DOI QR코드

DOI QR Code

Nash equilibrium-based geometric pattern formation control for nonholonomic mobile robots

  • Received : 2013.03.06
  • Accepted : 2013.10.03
  • Published : 2014.01.25

Abstract

This paper deals with the problem of steering a group of mobile robots along a reference path while maintaining a desired geometric formation. To solve this problem, the overall formation is decomposed into numerous geometric patterns composed of pairs of robots, and the state of the geometric patterns is defined. A control algorithm for the problem is proposed based on the Nash equilibrium strategies incorporating receding horizon control (RHC), also known as model predictive control (MPC). Each robot calculates a control input over a finite prediction horizon and transmits this control input to its neighbor. Considering the motion of the other robots in the prediction horizon, each robot calculates the optimal control strategy to achieve its goals: tracking a reference path and maintaining a desired formation. The performance of the proposed algorithm is validated using numerical simulations.

References

  1. Balch, T. and Arkin, R.C. (1998), "Behavior-based formation control for multi-robot teams", IEEE Trans. Robot. Autom., 14(6), 926-939. https://doi.org/10.1109/70.736776
  2. van den Broek, T.H.A., van de Wouw, N. and Nijmeijer, H. (2009), "Formation control of unicycle mobile robots: a virtual structure approach", Proceedings of the 48th IEEE Conference on Decision and Control, Shanghai, China, December 16-18.
  3. Chen, C. (1999), Linear System Theory and Design, (3rd Edition), Oxford University Press.
  4. Chen, J., Sun, D., Yang, J. and Chen, H. (2010), "Leader-follower formation control of multiple nonholonomic mobile robots incorporating a receding-horizon scheme", Int. J. Robot. Res., 29(6), 727-747. https://doi.org/10.1177/0278364909104290
  5. Consolini, L., Morbidi, F., Prattichizzo, D. and Tosques, M. (2008), "Leader-follower formation control of nonholonomic mobile robots with input constraints", Automatica, 44(5), 1343-1349. https://doi.org/10.1016/j.automatica.2007.09.019
  6. Desai, J.P., Ostrowski, J.P. and Kumar, V. (2001), "Modeling and control of formations of nonholonomic mobile robots", IEEE Trans. Robot. Autom., 17(6), 905-908. https://doi.org/10.1109/70.976023
  7. Dierks, T., Brenner, B. and Jagannathan, S. (2013), "Neural network-based optimal control of mobile robot formations with reduced information exchange", IEEE Trans. Control Syst. Technol., 21(4), 1407-1415. https://doi.org/10.1109/TCST.2012.2200484
  8. Do, K.D. and Pan, J. (2007), "Nonlinear formation control of unicycle-type mobile robots", Robot. Auton. Syst., 55(3), 191-204. https://doi.org/10.1016/j.robot.2006.09.001
  9. Dong, W. and Farrell, J.A. (2008), "Cooperative control of multiple nonholonomic mobile agents", IEEE Trans. Autom. Control, 53(6), 1434-1448. https://doi.org/10.1109/TAC.2008.925852
  10. Dunbar, W.B. and Murray, R.M. (2006), "Distributed receding horizon control for multi-vehicle formation stabilization", Automatica, 42(4), 549-558. https://doi.org/10.1016/j.automatica.2005.12.008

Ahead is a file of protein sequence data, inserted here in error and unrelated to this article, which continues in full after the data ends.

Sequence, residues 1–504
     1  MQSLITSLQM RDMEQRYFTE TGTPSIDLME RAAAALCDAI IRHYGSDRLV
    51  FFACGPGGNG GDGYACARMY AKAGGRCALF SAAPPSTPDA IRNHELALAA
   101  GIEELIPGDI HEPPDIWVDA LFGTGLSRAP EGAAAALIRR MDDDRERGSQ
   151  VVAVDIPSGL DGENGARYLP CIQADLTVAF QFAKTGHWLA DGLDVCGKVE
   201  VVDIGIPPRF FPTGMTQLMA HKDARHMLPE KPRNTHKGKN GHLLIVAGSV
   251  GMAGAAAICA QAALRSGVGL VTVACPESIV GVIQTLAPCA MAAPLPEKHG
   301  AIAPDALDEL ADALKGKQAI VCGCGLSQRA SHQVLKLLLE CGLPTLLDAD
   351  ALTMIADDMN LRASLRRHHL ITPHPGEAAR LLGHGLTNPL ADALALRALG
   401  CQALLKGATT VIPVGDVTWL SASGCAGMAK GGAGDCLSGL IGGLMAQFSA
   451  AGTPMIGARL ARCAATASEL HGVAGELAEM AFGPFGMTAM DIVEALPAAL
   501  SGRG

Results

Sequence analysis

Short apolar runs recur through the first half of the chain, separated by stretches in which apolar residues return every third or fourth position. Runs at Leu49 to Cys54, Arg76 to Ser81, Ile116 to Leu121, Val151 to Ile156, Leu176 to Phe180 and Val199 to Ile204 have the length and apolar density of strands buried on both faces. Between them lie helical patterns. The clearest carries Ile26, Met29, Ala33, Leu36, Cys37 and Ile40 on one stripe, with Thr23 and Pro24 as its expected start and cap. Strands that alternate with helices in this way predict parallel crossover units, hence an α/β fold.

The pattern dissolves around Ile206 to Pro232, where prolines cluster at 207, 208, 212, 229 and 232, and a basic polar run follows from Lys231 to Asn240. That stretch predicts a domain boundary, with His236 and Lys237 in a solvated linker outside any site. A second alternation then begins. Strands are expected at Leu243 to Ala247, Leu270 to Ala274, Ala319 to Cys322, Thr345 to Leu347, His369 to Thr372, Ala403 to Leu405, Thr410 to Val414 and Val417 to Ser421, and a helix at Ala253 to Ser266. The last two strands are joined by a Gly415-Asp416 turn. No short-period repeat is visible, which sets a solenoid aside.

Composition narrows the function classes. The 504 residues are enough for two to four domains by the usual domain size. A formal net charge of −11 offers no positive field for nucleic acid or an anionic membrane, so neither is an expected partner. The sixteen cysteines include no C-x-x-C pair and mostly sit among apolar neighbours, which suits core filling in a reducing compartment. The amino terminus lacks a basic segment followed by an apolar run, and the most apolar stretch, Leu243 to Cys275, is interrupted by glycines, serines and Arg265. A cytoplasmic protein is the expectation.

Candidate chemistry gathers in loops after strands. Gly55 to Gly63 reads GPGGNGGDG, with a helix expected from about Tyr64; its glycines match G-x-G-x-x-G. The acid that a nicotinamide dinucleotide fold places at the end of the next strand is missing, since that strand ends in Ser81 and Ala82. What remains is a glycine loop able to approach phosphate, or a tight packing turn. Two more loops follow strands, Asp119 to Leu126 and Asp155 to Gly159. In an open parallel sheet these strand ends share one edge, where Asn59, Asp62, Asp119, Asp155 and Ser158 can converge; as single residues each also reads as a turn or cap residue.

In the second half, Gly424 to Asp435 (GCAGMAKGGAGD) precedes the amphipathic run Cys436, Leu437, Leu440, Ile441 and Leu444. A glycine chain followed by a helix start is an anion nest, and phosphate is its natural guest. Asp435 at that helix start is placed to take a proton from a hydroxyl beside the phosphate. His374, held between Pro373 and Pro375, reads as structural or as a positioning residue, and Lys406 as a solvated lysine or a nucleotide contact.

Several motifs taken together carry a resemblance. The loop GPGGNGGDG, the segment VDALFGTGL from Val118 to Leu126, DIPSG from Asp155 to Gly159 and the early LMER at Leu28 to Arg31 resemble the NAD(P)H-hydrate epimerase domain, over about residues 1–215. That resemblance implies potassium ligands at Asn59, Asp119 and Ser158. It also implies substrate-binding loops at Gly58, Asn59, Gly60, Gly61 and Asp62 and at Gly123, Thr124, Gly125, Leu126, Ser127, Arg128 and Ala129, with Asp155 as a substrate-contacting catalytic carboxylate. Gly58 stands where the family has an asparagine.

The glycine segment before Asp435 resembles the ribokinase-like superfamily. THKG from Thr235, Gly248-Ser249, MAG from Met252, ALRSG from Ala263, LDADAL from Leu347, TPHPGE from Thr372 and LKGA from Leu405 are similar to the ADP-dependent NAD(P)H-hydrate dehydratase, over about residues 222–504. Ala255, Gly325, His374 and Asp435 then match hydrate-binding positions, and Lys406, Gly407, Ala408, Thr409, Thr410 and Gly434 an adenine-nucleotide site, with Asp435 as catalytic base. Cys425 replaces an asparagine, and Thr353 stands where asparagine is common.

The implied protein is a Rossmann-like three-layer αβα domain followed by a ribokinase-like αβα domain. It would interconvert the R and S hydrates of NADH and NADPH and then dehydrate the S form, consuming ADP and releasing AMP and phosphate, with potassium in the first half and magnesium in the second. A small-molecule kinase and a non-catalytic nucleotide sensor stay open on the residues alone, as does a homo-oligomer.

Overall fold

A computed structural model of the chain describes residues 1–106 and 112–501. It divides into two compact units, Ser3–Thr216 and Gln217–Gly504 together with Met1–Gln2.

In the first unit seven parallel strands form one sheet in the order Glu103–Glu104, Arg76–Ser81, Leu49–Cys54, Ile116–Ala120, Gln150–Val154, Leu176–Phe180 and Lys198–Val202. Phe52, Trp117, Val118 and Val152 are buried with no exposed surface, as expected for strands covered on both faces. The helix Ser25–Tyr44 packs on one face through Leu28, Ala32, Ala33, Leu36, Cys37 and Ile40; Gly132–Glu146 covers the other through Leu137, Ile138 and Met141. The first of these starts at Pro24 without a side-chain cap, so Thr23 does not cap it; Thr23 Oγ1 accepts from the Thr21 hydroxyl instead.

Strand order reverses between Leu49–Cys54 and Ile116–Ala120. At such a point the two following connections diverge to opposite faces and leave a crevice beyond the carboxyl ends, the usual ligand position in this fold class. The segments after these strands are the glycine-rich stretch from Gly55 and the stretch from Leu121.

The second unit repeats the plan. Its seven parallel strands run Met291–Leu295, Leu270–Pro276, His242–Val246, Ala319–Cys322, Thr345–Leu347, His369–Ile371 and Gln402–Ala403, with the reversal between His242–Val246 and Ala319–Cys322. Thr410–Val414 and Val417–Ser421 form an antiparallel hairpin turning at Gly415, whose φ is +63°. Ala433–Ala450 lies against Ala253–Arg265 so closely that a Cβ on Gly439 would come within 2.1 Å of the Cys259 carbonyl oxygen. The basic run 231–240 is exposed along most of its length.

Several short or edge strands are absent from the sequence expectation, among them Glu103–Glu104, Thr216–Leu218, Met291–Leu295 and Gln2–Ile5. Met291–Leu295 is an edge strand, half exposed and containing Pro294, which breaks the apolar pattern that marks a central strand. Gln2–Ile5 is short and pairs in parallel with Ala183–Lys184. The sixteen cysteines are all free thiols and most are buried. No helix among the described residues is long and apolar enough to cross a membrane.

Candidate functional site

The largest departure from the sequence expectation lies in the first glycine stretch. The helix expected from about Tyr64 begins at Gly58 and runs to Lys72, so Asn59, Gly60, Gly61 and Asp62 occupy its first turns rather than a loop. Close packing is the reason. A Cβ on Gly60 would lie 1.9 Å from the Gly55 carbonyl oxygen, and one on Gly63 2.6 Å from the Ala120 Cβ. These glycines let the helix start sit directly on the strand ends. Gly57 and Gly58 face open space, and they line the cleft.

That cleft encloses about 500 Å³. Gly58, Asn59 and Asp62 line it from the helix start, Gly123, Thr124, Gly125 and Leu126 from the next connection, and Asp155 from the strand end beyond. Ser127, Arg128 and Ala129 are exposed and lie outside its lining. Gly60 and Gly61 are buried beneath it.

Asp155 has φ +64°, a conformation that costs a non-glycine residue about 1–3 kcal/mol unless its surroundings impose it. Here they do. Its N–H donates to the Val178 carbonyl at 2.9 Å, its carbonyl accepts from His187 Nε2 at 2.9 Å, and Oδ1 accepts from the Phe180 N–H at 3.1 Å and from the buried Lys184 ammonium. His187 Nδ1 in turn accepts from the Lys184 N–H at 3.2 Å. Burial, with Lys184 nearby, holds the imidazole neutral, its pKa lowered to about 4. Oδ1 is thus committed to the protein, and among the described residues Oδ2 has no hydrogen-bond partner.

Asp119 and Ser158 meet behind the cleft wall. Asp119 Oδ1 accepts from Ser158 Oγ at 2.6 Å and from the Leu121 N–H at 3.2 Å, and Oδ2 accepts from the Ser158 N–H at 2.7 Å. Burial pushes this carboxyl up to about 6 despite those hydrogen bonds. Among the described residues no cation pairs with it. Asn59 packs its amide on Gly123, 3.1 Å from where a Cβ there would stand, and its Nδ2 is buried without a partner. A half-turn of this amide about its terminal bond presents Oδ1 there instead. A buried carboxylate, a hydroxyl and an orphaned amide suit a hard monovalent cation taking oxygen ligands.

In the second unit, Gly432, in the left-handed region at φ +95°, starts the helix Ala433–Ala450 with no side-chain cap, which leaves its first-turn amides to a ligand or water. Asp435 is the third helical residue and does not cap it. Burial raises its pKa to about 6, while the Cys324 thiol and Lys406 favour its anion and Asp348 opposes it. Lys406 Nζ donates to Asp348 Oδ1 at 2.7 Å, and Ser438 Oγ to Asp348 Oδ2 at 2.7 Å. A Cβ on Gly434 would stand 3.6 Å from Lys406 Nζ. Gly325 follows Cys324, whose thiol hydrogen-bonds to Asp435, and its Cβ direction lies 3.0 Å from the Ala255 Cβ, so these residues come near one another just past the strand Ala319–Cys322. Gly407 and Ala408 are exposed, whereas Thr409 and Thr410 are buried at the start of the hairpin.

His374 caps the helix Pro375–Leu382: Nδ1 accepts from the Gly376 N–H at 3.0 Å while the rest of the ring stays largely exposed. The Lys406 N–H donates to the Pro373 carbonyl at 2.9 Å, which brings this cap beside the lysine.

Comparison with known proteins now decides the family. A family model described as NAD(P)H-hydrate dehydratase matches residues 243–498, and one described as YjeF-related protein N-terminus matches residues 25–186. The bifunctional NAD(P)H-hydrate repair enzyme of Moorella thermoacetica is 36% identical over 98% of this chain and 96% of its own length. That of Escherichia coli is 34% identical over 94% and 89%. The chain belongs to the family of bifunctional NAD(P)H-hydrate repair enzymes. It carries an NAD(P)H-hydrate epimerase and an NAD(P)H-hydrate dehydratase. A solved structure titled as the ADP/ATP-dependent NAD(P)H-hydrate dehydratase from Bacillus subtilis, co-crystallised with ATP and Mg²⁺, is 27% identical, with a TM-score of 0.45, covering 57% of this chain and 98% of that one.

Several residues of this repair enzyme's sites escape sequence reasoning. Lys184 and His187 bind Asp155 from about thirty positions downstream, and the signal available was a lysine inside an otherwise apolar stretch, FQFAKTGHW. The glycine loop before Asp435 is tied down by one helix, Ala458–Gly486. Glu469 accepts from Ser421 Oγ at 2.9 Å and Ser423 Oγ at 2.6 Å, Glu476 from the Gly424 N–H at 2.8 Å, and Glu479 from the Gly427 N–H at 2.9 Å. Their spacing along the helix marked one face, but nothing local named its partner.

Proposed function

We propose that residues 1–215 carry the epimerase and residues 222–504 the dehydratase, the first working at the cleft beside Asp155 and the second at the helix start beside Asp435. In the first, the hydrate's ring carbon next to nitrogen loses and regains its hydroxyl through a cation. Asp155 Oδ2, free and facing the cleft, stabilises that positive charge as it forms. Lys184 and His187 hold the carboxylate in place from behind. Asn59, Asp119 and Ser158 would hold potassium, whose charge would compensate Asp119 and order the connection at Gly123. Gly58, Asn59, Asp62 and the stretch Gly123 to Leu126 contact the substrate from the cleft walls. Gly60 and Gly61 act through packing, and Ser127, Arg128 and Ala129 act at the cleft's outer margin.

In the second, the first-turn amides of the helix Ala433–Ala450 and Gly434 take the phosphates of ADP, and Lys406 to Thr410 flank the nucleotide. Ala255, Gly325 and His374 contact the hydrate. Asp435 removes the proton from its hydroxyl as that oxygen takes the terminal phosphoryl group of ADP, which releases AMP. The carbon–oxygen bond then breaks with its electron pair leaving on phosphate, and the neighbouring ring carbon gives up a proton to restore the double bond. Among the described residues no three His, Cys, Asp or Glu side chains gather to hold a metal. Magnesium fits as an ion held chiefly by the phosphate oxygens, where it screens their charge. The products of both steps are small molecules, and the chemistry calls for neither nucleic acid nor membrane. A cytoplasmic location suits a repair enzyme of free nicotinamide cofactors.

11. Egerstedt, M. and Hu, X. (2001), "Formation constrained multi-agent control", IEEE Trans. Robot. Autom., 17(6), 947-951. https://doi.org/10.1109/70.976029
  12. Engwerda, J.C. (2005), LQ Dynamic Optimization and Differential Games, Wiley.
  13. Fontes, F.A.C.C. (2001), "A general framework to design stabilizing nonlinear model predictive controllers", Syst. Control Lett., 42(2), 127-143. https://doi.org/10.1016/S0167-6911(00)00084-0
  14. Gross, J.L. and Yellen, J. (2004), Handbook of Graph Theory, CRC Press.
  15. Gu, D. and Hu, H. (2005), "A stabilizing receding horizon regulator for nonholonomic mobile robots", IEEE Trans. Robot., 21(5), 1022-1028. https://doi.org/10.1109/TRO.2005.851357
  16. Gu, D. (2008), "A differential game approach to formation control", IEEE Trans. Control Syst. Technol., 16(1), 85-93. https://doi.org/10.1109/TCST.2007.899732
  17. Jank, G. and Abou-Kandil, H. (2003), "Existence and uniqueness of open-loop Nash equilibria in linearquadratic discrete time games", IEEE Trans. Autom. Control, 48(2), 267-271. https://doi.org/10.1109/TAC.2002.808477
  18. Lewis, M.A. and Tan, K. (1997), "High precision formation control of mobile robots using virtual structures", Auton. Robot., 4(4), 387-403. https://doi.org/10.1023/A:1008814708459
  19. Meenakshi, A.R. and Rajian, C. (1999), "On a product of positive semidefinite matrices", Linear Alg. Appl., 295(1-3), 3-6. https://doi.org/10.1016/S0024-3795(99)00014-2
  20. Moshtagh, N., Michael, N., Jadbabaie, A. and Daniilidis, K. (2009), "Vision-based, distributed control laws for motion coordination of nonholonomic robots", IEEE Trans. Robot., 25(4), 851-860. https://doi.org/10.1109/TRO.2009.2022439
  21. Ou, M., Du, H. and Li, S. (2012), "Finite-time formation control of multiple nonholonomic mobile robots", Int. J. Robust Nonlinear Control, doi: 10.1002/rnc.2880. https://doi.org/10.1002/rnc.2880
  22. Sun, D., Wang, C., Shang, W. and Feng, G. (2009), "A synchronization approach to trajectory tracking of multiple mobile robots while maintaining time-varying formations", IEEE Trans. Robot., 25(5), 1074-1086. https://doi.org/10.1109/TRO.2009.2027384
  23. Tabuada, P., Pappas, G. J. and Lima, P. (2005), "Motion feasibility of multi-agent formations", IEEE Trans. Robot., 21(3), 387-392. https://doi.org/10.1109/TRO.2004.839224
  24. Tanner, H.G., Pappas, G.J. and Kumar, V. (2004), "Leader-to-formation stability", IEEE Trans. Robot. Autom., 20(3), 443-455. https://doi.org/10.1109/TRA.2004.825275